# Difference between revisions of "Viscoelasticity"

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| [[Image:MultipleViscoelasticComponents.png |150px| ]] | | [[Image:MultipleViscoelasticComponents.png |150px| ]] | ||

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− | | Viscoelastic fluids: Strain rates add. (Maxwell Model) | + | | Viscoelastic fluids: Strain rates add. |

− | | Viscoelastic solids: Strains add. (Kelvin-Voigt Model) | + | (Maxwell Model) |

+ | | Viscoelastic solids: Strains add. | ||

+ | (Kelvin-Voigt Model) | ||

| And so on, with decreasing physical interpretation. | | And so on, with decreasing physical interpretation. | ||

|} | |} |

## Revision as of 01:33, 23 September 2008

## Contents

## Viscoelasticity

Viscoelasticity is the property of materials that exhibit both viscous and elastic characteristics when undergoing deformation. Viscous materials, like honey, resist shear flow and strain linearly with time when a stress is applied. Elastic materials strain instantaneously when stretched and just as quickly return to their original state once the stress is removed. Viscoelastic materials have elements of both of these properties and, as such, exhibit time dependent strain. Whereas elasticity is usually the result of bond stretching along crystallographic planes in an ordered solid, viscoelasticity is the result of the diffusion of atoms or molecules inside of an amorphous material

**Spring and Dashpot Models:**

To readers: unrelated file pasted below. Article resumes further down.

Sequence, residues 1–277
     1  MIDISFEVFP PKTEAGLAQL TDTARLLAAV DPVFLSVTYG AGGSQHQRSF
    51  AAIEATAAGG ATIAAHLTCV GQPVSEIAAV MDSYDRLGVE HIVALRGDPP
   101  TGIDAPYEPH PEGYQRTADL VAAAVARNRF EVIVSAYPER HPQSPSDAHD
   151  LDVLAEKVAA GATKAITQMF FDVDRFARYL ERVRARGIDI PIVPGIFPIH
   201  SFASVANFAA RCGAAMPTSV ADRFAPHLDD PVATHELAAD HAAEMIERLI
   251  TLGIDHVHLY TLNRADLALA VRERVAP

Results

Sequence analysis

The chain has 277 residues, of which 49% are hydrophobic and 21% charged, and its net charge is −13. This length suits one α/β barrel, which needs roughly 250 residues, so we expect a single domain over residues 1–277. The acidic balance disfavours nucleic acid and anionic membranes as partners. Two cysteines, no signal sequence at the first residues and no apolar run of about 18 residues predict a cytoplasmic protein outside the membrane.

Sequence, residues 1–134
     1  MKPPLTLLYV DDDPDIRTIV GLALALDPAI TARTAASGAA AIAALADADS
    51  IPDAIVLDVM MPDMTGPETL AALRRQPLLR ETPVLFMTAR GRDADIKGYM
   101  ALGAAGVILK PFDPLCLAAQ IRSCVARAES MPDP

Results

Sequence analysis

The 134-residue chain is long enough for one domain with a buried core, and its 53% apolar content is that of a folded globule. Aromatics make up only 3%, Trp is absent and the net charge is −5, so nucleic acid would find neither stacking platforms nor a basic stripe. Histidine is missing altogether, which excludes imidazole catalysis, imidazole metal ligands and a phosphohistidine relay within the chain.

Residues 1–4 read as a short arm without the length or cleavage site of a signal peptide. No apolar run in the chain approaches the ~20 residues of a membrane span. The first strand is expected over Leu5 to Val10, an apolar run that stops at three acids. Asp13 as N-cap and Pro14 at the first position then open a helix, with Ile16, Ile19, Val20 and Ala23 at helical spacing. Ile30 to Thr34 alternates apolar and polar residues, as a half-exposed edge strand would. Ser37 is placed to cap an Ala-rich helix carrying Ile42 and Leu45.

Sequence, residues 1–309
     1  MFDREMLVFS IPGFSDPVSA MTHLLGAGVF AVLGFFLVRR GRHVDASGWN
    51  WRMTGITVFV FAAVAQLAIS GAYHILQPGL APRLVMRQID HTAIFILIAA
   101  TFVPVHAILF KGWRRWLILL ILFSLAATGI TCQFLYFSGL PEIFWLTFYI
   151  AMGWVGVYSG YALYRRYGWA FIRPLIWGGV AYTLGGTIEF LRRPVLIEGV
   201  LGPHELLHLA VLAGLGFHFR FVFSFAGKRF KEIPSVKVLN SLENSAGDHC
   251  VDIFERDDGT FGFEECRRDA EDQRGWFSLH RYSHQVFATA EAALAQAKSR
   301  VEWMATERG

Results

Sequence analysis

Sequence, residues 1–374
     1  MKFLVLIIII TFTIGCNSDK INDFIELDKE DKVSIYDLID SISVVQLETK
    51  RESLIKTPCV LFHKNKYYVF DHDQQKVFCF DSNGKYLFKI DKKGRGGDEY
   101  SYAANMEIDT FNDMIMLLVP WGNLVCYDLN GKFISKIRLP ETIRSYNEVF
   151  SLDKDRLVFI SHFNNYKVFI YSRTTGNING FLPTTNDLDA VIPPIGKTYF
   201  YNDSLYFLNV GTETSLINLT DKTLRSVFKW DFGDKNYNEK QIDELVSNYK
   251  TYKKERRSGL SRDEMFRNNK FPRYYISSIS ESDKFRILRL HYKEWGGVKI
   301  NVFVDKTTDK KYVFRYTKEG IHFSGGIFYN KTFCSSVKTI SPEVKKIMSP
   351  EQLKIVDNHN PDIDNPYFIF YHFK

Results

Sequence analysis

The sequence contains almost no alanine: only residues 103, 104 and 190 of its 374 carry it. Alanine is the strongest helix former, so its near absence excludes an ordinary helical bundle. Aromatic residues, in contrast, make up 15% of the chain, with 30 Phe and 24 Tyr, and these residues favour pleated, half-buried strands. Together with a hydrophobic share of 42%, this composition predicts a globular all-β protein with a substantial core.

Viscoelastic fluids: Strain rates add.
(Maxwell Model) |
Viscoelastic solids: Strains add.
(Kelvin-Voigt Model) |
And so on, with decreasing physical interpretation. |

## The Maxwell model

Maxwell mode: Add the strain rates: | |

For the elastic component: | |

For the viscous component: | |

The resulting differential equation is: |

## Viscoelasticity - Creep test

For a *creep* test: A stress is applied instantaneously and maintained. The strain is measured as a function of time"

## Viscoelasticity - Stress relaxation

For a *stress relaxation*, a rapid strain is applied and held. The problem is to determine the stress as a function of time:

## Viscoelasticity - Molecular relaxations

## Experimental methods

- Viscoelasticity
- Osmotic pressure
- Force microscopy: scanning, tunneling, atomic
- Dynamic scattering over time scales
- Static scattering – x-rays, neutrons, back-scattering
- NMR

## Canonical ideas

- Typical energies are kT
- Fluctuations and Brownian motion
- Wide length scales – use coarse grain models
- Hierarchical structures
- Physics dominates over chemistry (so far)

## Bibliography

- De Gennes, P.-G.; Badoz, J.
*Fragile objects*. Springer-Verlag: New York; 1996. - Einstein, A.
*Investigations on the theory of the Brownian motion*. Dover Publications: New York; 1956. - Elimelech, M.; Gregory, J.; Jia, X.; Williams, R.A.
*Particle deposition & aggregation*; Butterworth-Heinemann: Woburn, MA; 1995. - Hamley, I.W.
*Introduction to soft matter*. Revised ed.; John Wiley & Sons: New York; 2007. - Israelachvili, J.
*Intermolecular and surface forces*, 2nd ed.; Academic Press: New York; 1991. - Witten, T.; Pincus, P.
*Structured fluids: polymers, colloids, surfactant*s. Oxford University Press: New York; 2004.